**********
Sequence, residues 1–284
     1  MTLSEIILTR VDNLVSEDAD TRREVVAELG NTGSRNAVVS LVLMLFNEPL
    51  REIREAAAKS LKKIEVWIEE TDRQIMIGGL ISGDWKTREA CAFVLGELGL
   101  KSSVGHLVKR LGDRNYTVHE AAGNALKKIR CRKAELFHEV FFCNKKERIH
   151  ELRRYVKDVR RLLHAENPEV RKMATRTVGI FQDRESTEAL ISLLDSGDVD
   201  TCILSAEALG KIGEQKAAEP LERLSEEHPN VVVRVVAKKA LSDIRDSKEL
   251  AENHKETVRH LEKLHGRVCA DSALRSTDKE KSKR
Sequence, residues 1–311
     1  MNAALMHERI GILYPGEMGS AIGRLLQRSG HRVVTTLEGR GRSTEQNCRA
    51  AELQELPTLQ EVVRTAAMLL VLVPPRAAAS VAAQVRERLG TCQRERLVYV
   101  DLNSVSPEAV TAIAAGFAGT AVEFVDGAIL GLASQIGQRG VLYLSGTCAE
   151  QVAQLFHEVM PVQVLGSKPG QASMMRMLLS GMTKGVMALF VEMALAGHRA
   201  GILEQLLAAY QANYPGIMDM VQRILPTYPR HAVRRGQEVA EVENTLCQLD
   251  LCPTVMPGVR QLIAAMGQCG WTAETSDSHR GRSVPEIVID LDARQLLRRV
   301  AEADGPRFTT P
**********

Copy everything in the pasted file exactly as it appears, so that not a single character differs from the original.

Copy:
Sequence, residues 1–284
     1  MTLSEIILTR VDNLVSEDAD TRREVVAELG NTGSRNAVVS LVLMLFNEPL
    51  REIREAAAKS LKKIEVWIEE TDRQIMIGGL ISGDWKTREA CAFVLGELGL
   101  KSSVGHLVKR LGDRNYTVHE AAGNALKKIR CRKAELFHEV FFCNKKERIH
   151  ELRRYVKDVR RLLHAENPEV RKMATRTVGI FQDRESTEAL ISLLDSGDVD
   201  TCILSAEALG KIGEQKAAEP LERLSEEHPN VVVRVVAKKA LSDIRDSKEL
   251  AENHKETVRH LEKLHGRVCA DSALRSTDKE KSKR
Sequence, residues 1–311
     1  MNAALMHERI GILYPGEMGS AIGRLLQRSG HRVVTTLEGR GRSTEQNCRA
    51  AELQELPTLQ EVVRTAAMLL VLVPPRAAAS VAAQVRERLG TCQRERLVYV
   101  DLNSVSPEAV TAIAAGFAGT AVEFVDGAIL GLASQIGQRG VLYLSGTCAE
   151  QVAQLFHEVM PVQVLGSKPG QASMMRMLLS GMTKGVMALF VEMALAGHRA
   201  GILEQLLAAY QANYPGIMDM VQRILPTYPR HAVRRGQEVA EVENTLCQLD
   251  LCPTVMPGVR QLIAAMGQCG WTAETSDSHR GRSVPEIVID LDARQLLRRV
   301  AEADGPRFTT P